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Thread: explaining death to children?

  1. #1
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    Default explaining death to children?

    My grandmother passed away last night. Our boys are 3 and 1. The 1 year old is not old enough to realize what is going on, but the 3 year old is. He's seen dead bugs before, but never dealt with death and a human before. If you have been in this situation before how did you handle it? Should we take him to the funeral home? the funeral?

    I want to be honest with him and explain what happened. She was sick and we had a talk with him last week that she was very sick and might die. He seemed to understand that she was sick and wanted her to get better, but he was also a little confused because he had 4 grandma's and he calls all of them Nana. My MIL, my mom, and both my grandmothers which are his great grandmothers. So it took some time to explain which Nana was sick and that the other ones were ok. I really don't want to confuse him more. He only saw her once every couple months and wasnt extremely close to her, but he knows her.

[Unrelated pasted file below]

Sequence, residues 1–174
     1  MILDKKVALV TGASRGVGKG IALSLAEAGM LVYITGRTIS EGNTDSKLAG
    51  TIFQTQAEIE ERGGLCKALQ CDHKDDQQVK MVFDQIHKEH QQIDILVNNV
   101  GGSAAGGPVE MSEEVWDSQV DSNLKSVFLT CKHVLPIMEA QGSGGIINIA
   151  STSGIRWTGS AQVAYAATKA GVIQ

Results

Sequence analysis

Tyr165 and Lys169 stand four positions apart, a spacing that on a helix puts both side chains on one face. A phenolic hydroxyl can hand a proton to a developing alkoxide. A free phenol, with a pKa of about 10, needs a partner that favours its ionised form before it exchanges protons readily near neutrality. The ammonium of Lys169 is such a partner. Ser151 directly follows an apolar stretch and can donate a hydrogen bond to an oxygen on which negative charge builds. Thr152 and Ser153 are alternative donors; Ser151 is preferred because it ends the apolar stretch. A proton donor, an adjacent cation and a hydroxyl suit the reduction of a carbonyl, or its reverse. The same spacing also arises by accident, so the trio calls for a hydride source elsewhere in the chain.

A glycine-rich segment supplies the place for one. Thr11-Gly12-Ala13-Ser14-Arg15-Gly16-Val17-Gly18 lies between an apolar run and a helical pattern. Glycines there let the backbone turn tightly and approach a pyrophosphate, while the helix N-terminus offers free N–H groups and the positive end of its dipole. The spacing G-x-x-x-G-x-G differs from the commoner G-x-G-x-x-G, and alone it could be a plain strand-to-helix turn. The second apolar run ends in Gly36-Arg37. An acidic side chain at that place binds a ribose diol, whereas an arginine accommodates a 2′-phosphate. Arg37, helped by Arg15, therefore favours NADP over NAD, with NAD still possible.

fyi-I'm thinking of not taking them to the funeral because it will a Byzantine Catholic ceremony which is very long and the entire thing is sung and some of it is not in English.

    any advice is appreciated, thanks!
    Angela (28) DH, Pat (30) DS Connor (4), DS Leo (2), DS Nathan



  2. #2